blood sugar, people who drink it are observed to eat food as much as 60
    percent lesser than usual. This particular hypothesis was proven when
    green tea was injected into laboratory rats for experimentation.
    Researchers believe that it has the same effects on humans.
  3. Green
    tea is a good alternative to coffee. If you drink tea instead of coffee
    in the morning or throughout the day, your body gets fewer calories in
    the long run. The sugar and the cream included in your daily
    cappuccinos add inches and bulges to the waistline. But with green tea,
    instead of accumulating fats, you are actually reducing its build up.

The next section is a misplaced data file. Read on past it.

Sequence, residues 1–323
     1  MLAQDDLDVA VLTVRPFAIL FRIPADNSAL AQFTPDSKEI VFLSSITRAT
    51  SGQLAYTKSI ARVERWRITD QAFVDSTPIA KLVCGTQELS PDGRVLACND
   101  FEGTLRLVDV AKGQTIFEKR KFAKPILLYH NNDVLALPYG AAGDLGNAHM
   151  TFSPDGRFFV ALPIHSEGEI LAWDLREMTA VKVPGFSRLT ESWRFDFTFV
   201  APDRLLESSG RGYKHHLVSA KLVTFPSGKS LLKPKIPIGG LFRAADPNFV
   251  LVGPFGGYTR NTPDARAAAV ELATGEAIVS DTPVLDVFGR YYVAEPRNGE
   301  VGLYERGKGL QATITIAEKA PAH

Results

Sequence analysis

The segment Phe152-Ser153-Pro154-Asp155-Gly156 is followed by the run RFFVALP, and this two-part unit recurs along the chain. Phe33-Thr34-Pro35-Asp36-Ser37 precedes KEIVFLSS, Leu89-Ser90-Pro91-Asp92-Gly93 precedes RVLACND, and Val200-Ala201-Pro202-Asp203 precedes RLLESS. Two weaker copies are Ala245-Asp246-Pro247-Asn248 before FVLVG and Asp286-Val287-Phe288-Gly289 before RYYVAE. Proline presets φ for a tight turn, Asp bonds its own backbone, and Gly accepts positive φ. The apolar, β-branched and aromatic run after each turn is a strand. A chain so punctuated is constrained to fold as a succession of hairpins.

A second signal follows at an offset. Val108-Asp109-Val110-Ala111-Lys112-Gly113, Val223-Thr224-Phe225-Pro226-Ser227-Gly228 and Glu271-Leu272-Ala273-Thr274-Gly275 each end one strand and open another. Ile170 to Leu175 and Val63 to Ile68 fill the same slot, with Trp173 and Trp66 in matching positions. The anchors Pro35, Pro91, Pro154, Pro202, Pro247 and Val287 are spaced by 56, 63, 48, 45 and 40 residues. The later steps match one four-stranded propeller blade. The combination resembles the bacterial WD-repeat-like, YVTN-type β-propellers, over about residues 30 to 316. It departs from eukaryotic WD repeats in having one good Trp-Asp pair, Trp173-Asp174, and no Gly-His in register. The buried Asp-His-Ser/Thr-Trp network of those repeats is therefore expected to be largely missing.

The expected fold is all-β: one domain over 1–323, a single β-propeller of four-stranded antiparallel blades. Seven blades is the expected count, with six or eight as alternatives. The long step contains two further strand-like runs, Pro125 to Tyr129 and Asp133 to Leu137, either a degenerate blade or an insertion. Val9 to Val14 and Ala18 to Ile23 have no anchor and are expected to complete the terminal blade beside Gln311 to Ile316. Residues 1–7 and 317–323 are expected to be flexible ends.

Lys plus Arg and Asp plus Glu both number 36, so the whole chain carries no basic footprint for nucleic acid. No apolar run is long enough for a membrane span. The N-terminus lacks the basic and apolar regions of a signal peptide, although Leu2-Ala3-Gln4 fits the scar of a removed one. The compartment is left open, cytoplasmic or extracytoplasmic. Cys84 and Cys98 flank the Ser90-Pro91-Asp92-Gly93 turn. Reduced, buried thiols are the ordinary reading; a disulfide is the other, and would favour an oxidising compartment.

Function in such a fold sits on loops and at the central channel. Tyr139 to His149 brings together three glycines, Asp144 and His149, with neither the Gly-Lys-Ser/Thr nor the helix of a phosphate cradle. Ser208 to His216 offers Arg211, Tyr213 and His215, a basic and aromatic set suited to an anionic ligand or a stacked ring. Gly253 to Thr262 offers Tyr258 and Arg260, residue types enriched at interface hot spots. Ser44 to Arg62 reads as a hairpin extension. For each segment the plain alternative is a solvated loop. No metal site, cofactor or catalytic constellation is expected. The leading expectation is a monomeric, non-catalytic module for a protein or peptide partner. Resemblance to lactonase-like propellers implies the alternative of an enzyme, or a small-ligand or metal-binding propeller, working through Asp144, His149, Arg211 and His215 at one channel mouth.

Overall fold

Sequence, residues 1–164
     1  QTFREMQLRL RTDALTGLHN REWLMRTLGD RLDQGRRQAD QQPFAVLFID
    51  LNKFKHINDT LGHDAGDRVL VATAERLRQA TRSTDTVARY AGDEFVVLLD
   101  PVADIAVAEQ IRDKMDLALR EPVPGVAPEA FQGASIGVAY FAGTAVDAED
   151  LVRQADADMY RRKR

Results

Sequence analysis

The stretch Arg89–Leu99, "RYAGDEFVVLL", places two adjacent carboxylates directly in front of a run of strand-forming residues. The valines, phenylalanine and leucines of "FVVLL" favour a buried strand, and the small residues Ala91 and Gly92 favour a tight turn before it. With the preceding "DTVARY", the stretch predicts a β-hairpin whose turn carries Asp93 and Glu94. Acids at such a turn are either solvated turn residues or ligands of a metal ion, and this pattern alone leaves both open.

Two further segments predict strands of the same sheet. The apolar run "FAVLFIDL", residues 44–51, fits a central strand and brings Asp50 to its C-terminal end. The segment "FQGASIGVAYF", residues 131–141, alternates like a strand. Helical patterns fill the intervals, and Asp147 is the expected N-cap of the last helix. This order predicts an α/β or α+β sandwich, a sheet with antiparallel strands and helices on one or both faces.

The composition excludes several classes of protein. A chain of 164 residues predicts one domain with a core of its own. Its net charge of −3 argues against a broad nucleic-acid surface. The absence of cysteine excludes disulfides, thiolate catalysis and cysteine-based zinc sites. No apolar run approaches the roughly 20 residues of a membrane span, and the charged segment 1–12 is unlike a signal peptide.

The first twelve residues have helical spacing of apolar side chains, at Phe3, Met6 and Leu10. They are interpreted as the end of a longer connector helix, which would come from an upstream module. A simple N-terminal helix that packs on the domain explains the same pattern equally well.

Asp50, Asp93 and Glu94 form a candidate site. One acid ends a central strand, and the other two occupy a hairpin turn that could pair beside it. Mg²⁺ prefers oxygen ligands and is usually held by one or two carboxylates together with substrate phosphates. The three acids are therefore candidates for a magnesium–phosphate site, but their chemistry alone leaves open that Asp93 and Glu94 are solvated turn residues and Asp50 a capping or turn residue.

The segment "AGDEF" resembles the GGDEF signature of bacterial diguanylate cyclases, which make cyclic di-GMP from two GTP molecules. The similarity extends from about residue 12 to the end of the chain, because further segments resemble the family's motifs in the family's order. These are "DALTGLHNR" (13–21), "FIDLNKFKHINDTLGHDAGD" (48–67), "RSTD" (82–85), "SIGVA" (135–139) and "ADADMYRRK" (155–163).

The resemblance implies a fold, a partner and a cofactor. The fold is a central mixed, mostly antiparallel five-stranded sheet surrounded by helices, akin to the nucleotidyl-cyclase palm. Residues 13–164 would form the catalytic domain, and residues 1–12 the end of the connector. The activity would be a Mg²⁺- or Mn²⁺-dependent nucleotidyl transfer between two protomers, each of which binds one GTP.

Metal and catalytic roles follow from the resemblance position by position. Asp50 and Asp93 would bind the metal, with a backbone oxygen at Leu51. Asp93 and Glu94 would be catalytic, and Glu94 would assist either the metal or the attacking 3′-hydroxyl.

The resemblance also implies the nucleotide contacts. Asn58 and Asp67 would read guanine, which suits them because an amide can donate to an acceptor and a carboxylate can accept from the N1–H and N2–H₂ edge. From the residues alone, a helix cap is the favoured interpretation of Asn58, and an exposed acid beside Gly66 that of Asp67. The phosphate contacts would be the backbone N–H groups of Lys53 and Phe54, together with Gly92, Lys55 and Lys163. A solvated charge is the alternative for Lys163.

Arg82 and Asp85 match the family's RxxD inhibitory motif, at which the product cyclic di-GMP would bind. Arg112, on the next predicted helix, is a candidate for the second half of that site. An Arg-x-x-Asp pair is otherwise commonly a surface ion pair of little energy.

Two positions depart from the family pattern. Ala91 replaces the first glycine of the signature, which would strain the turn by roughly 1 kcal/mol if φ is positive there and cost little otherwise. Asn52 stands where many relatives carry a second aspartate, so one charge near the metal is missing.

4. Green
    tea affects the bodily systems positively. A parallel research about
    green tea brings forward its overall effects in the body. The systems
    benefiting from it include cardiovascular, respiratory, circulatory,
    nervous, urogenital, immune, lymphatic, and musculoskelatal systems.
    With this, green tea shows to have a very broad effect on the body.
    Only a few types of food can boast of this characteristic.

Perhaps that is why Coke is working a new energy/weight loss drink called “Enviga”. Coca Cola bottling is claiming that if you drink 3 servings of Enviga over the course of a day you will burn about 60 to 100 extra calories.

I prefer regular green tea… you can bet these things won’t be cheap, probably $4 each

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After a long day doing schoolwork and student government related work on campus or in my room, I always seem to reach for a cup of tea as soon as I’m ready to relax. I was beginning to think this tea grabbing was out of habit or caffeine addiction, but  a recent study provides significant evidence that tea lowers the stress causing hormone cortisol.